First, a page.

|Publication number||US5876765 A|
|Application number||US 08/556,187|
|Publication date||Mar 2, 1999|
|Filing date||Nov 9, 1995|
|Priority date||Nov 9, 1995|
|Publication number||08556187, 556187, US 5876765 A, US 5876765A, US-A-5876765, US5876765 A, US5876765A|
|Original Assignee||Micron Technology, Inc.|
|Export Citation||BiBTeX, EndNote, RefMan|
|Patent Citations (20), Non-Patent Citations (4), Referenced by (49), Classifications (20), Legal Events (5)|
|External Links: USPTO, USPTO Assignment, Espacenet|
The invention relates to the field of semiconductor manufacture, and more particularly to a method and apparatus for encapsulating semiconductor die in encapsulation material.
To form an encapsulated integrated circuit (IC), a plurality of semiconductor die are conventionally arranged on a lead frame. The lead frame functions as a carrier for the plurality of die and forms the leads for each IC device. Prior to encapsulation, bond wires are attached to bond pads on the die and to the lead fingers of the lead frame. The plurality of die and the bond wires are then encapsulated to form a housing from which only the ends of the leads extend. The encapsulation protects the die and makes it possible for the ICs to be used industrially.
The die is a very sensitive component and the encapsulation must fulfill various quality requirements. For example, the encapsulation must provide the following functions:
1. Protection against physical influences (bending, shock, vibration, etc.) and support for the die.
2. Sufficient electrical insulation even after extended exposure to moisture and heat.
3. Resistance to the corrosive action of chemicals to which the package may be exposed.
4. Sufficiently high adhesion to other surfaces. High adhesion to surfaces reduces the possibility of the lead frame separating from the encapsulation which would allow moisture to enter the package along the leads.
5. High thermal conductivity so heat generated by the die will conduct to the outside of the package and dissipate.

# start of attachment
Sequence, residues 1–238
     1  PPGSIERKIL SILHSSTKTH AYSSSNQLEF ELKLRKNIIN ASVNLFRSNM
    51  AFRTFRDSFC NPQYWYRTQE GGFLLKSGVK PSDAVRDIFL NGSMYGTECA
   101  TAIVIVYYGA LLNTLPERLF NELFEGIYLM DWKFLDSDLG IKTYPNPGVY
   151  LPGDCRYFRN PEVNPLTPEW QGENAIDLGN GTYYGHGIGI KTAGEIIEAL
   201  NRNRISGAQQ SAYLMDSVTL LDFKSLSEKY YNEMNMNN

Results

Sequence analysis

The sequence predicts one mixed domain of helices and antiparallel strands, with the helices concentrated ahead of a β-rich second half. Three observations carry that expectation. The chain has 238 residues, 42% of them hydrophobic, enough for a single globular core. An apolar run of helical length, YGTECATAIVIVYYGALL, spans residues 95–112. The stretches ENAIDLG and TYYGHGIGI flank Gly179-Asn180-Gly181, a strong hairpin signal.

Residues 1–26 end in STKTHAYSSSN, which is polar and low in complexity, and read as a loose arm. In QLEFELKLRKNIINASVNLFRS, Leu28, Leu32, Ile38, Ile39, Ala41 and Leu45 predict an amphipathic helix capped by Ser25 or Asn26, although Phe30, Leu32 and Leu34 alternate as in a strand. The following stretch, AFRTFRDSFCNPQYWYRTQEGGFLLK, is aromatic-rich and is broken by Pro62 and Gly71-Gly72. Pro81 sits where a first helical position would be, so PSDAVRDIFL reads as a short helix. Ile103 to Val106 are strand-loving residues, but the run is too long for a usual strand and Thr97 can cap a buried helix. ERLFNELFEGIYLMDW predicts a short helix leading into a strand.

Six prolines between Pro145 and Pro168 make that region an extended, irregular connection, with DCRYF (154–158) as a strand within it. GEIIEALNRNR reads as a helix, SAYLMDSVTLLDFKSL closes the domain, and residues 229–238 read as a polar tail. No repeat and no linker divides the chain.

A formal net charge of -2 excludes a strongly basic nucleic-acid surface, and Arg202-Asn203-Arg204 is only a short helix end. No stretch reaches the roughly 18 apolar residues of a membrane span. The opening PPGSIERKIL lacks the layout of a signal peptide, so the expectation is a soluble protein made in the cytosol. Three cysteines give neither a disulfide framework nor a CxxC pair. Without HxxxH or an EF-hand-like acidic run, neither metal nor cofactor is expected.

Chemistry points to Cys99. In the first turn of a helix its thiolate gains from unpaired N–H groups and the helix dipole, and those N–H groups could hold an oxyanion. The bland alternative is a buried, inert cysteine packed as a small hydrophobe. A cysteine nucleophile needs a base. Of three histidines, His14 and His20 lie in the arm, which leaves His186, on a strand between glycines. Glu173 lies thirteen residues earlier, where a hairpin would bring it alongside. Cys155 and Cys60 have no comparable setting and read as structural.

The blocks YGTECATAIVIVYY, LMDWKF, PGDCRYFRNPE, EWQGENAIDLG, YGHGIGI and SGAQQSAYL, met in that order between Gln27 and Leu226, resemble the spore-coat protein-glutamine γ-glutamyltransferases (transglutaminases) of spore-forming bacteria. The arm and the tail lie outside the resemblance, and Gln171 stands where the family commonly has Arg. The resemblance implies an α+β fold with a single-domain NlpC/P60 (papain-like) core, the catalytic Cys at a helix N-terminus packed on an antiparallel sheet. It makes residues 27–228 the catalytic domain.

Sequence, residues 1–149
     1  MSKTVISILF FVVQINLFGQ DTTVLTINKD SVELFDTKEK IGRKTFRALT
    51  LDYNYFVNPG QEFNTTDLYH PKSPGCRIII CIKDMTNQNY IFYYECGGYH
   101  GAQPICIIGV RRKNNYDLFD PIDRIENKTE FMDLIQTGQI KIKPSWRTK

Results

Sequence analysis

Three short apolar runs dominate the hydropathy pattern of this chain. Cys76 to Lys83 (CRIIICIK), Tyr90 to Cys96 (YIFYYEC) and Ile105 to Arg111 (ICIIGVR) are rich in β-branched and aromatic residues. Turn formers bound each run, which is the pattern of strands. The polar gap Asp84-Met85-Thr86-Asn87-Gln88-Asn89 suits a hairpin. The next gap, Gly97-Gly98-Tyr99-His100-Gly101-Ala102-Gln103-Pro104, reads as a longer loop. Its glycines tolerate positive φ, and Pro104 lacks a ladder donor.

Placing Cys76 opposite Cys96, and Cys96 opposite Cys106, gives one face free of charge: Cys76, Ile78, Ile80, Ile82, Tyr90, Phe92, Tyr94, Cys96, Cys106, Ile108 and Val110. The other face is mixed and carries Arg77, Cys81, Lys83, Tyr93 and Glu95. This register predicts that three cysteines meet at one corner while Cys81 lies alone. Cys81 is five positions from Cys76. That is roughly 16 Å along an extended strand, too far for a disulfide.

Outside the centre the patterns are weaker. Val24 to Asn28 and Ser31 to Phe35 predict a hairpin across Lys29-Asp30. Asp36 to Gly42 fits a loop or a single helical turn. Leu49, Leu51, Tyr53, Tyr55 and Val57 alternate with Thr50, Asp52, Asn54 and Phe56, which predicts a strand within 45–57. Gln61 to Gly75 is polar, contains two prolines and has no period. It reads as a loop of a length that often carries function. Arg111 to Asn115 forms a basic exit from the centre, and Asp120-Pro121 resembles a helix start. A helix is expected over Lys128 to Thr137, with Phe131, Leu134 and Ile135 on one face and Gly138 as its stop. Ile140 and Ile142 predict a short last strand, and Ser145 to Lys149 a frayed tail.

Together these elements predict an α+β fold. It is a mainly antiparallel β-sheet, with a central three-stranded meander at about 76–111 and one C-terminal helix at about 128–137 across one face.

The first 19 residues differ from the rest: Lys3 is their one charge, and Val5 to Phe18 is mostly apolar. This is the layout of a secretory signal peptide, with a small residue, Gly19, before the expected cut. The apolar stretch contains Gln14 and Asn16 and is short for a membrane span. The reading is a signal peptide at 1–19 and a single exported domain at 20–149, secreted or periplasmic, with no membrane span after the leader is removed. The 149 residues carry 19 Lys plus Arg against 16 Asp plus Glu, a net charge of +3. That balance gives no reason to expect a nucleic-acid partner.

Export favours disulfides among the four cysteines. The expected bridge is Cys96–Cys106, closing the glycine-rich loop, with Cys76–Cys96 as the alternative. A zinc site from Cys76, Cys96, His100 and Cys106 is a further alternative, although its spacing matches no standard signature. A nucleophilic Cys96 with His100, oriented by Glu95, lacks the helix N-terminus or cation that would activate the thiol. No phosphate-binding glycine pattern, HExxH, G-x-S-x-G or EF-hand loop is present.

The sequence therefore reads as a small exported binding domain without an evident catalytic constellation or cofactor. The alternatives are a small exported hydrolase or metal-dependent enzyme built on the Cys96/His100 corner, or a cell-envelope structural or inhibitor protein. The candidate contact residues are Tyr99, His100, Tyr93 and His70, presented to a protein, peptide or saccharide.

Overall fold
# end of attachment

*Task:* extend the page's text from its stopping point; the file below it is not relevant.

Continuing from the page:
6. Sufficient stability to avoid the production of byproducts which might damage the die encased within the encapsulation.
7. Resistance to variations in temperature, for example between -65° C. and +200° C.
To help fulfill these requirements, the production of bubbles within the encapsulation is to be avoided. One method to avoid the production of bubbles is to encapsulate the die under an appropriately high pressure. However, overly high pressures are to be avoided as a die can be damaged by excessive pressures. In particular, the bond wires, often having a diameter of less than 2.5 micrometers (μm), can drift or come loose from the bond pad or lead finger during encapsulation of the die in plastic. During drifting the conductor wires are deformed by the flowing plastic, and they can touch each other or come so close to each other that the insulation resistance between them is too small and short-circuiting can occur.
Transfer molding is often used to encapsulate semiconductor die. Using the transfer molding method, lead frames with die thereon are placed into a mold with correspondingly adapted hollow spaces. The encapsulation material, such as thermoset in the form of pellets filled with fillers such as glass fibers or mineral flakes, is placed into a piston-cylinder unit, heated, and then pressed by a piston via a system of casting conduits into the hollow spaces of the form.
Transfer molding includes manufacturing using large tools with only one transfer cylinder (multi-cavity system) and on small tools with several small transfer cylinders (multi-piston system). The manufacturing with large tools has the disadvantage that the larger they are the more difficult it becomes to achieve a uniform filling of the hollow spaces of the mold. The pressure produced by the equipment must be sufficient to fill the cavity which is the most difficult to fill. This results in a high pressure at the cavities closest to the transfer cylinder which can damage the die in those cavities. Moreover, the molds become increasingly imprecise as they become larger such that it becomes difficult to achieve the desired dimensional accuracy. Since the demand on the reliability and the dimensional accuracy becomes greater with increasing device density and increasing lead density, the trend to make the tools larger to increase efficiency stands in contrast to the increased demands for accuracy. In addition, the large tools have increased down-time because of increased loading and unloading, and the additional time required for cleaning the large-surface tools.
Encapsulating devices on small tools with several small transfer cylinders makes possible shorter cycle times, improved dimensional accuracy and, on account of the shorter injection paths, a generally improved encapsulation. However, the design of an injection unit operating with several transfer cylinders is expensive as a complete injection unit (which consists of the cylinder, the piston with hydraulic mechanism and control as well as the automatic charging of the cylinder with the molding material in pellet form) is required for each two to four cavities in the mold.